Multiplying Moguls’ Multi-millions

By Gus Tyler

Published February 11, 2005, issue of February 11, 2005.
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Our corporate-friendly White House is now taking another step to enrich the moguls of corporate America. It applies to the billions of dollars that American corporations hold in countries that are established “tax havens.” They keep these billions in these foreign countries because if the money were repatriated to the United States, the corporations would have to pay a tax of 35%.

The White House has decided to declare a one-year tax holiday for such corporations that would like to put their billions to work in the United Sates but do not wish to pay the going rate. During the “tax holiday,” they only will have to pay a tax of 5.25%.

This should not come as a surprise for those acquainted with Bush’s record of tax cuts for the rich. But coming as it does when the United States Department of the Treasury is groaning and moaning over its increasingly unbearable budget deficits and the backbreaking mountain of accumulating debt, this latest giveaway to a privileged few seems unseemly. It comes at a time when the Treasury is cutting back on funds to the states for Medicaid, and cutting back on federal support for public housing, education and health care, in order to maintain sound environmental standards.

However, will the tax holiday really entice any corporations to take advantage of this golden opportunity? You bet! It already has begun to happen. Schering-Plough is repatriating $9.4 billion. Eli Lilly and Company is doing the same, to the tune of $8 billion. The congressional Joint Committee on Taxation estimates that in the long run, the tax holiday will cost the government some $4.3 billion. Other estimates put the sum at a much higher level.

So why is the government doing this? It offers a high-minded reason. It is disclosed in the very name of the act that is entitled the American Jobs Creation Act of 2004. The expectation that the inflow of capital will spur job creation is based on the nutty and naughty notion sometimes called “drip down,” which is based on the belief that the best way to help the folk in the ditch is simple. It’s done by enriching the rich.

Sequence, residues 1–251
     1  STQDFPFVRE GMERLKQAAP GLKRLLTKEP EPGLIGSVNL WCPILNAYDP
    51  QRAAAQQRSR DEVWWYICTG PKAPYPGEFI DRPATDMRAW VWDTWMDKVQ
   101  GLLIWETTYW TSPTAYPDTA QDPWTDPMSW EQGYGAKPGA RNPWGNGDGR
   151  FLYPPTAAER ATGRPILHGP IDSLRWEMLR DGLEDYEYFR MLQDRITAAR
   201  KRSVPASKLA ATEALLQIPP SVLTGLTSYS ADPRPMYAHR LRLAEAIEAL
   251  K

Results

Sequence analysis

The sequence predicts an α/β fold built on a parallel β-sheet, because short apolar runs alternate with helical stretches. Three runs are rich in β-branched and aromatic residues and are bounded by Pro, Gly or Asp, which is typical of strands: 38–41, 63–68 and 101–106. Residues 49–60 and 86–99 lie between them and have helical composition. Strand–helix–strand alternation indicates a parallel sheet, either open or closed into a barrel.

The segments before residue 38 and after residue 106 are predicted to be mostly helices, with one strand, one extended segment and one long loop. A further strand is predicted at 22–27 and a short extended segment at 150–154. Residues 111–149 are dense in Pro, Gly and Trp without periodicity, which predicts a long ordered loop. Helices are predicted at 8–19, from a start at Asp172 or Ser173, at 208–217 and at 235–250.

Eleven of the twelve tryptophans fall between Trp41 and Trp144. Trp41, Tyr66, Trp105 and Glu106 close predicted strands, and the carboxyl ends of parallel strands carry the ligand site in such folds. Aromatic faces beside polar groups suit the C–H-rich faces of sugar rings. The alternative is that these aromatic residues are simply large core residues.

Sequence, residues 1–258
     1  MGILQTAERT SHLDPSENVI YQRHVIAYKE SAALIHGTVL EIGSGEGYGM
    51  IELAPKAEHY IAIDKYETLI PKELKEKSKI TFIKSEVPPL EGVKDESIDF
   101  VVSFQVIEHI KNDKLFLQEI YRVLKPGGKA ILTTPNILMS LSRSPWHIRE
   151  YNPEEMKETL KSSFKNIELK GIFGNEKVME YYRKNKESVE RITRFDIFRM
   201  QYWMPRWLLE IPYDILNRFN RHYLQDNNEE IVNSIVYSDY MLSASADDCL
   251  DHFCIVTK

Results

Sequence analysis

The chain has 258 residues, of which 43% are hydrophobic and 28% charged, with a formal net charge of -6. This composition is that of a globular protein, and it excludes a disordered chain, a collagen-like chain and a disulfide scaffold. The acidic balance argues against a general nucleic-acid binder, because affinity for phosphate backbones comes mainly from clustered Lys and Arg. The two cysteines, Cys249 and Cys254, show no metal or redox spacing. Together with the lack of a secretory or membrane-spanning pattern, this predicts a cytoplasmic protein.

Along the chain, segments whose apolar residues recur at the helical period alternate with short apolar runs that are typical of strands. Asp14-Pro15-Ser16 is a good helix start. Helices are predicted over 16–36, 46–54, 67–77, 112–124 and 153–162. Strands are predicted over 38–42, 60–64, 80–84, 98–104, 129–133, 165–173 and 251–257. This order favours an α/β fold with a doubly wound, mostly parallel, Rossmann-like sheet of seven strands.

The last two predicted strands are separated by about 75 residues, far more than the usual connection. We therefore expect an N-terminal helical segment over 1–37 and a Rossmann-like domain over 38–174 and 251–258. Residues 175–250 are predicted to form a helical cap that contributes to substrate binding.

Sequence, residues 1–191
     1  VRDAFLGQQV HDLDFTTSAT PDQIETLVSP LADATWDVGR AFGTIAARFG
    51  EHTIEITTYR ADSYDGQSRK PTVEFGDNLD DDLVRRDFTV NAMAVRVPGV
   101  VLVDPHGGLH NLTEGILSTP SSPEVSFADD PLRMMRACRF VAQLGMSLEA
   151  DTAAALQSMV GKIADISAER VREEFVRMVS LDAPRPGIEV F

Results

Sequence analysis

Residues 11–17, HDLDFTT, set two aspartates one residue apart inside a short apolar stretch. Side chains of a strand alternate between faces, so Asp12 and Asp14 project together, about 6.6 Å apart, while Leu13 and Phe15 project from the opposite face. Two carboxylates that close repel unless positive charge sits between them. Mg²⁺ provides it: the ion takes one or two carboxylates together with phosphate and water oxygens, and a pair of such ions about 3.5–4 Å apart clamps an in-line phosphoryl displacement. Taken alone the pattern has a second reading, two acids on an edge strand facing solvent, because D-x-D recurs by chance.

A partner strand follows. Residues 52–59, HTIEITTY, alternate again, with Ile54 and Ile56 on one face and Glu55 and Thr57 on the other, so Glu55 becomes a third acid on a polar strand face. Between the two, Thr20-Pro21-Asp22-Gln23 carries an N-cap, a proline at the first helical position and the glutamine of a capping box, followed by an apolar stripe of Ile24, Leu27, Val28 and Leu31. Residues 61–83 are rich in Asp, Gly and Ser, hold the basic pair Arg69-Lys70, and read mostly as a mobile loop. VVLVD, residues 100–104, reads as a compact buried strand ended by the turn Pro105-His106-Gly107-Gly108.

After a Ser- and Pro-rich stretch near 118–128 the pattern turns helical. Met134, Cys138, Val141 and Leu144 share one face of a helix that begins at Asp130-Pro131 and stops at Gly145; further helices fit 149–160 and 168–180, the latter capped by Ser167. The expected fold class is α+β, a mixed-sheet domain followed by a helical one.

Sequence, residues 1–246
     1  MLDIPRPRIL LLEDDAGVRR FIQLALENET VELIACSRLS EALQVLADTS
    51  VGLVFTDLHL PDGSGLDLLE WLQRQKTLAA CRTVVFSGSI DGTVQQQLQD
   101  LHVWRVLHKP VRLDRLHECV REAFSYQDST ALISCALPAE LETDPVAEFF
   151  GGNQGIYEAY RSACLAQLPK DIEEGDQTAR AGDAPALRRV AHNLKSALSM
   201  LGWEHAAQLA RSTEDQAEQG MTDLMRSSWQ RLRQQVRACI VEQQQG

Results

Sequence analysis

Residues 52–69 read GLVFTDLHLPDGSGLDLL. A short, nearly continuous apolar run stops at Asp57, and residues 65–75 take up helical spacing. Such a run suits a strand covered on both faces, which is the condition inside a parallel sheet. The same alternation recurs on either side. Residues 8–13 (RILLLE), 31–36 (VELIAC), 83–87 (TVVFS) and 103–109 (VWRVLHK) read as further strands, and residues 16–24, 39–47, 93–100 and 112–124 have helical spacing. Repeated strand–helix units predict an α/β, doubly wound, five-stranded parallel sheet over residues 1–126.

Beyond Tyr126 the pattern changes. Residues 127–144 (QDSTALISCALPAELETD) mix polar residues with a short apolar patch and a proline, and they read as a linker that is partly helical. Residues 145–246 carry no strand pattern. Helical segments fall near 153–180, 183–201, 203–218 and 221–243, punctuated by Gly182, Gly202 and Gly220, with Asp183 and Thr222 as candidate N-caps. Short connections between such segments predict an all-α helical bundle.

But has that theory really worked out? It has, within our lifetime, been tested and tried, and has proved repeatedly to be a sales pitch beloved by the richest — but with an adverse effect on the rest of us. When the Bush administration passed its tax cut, it did serve to “enrich the richest.” But it also was supposed to add some 5.5 million jobs by 2004. It was called a Jobs and Growth Plan. In fact, however, the promise fell short by 3.1 million jobs.

As of January, 29 of the 50 states actually had fewer jobs than when the Jobs and Growth Plan was initiated.

So what do these corporations that are taking advantage of the tax holiday doing with their millions and billions? It appears that in these days of mergers and acquisitions, they are allocating huge chunks of their newfound wealth in playing the game of mergers and acquisitions. This game is turning America into a nation in which fewer and fewer own more and more of the corporate facilities. And typically, when corporations merge, they invariably fire employees to avoid duplication of personnel.

In the light of the foregoing, it does appear that calling the tax holiday the American Jobs and Growth Act of 2004 is a mocking misnomer.






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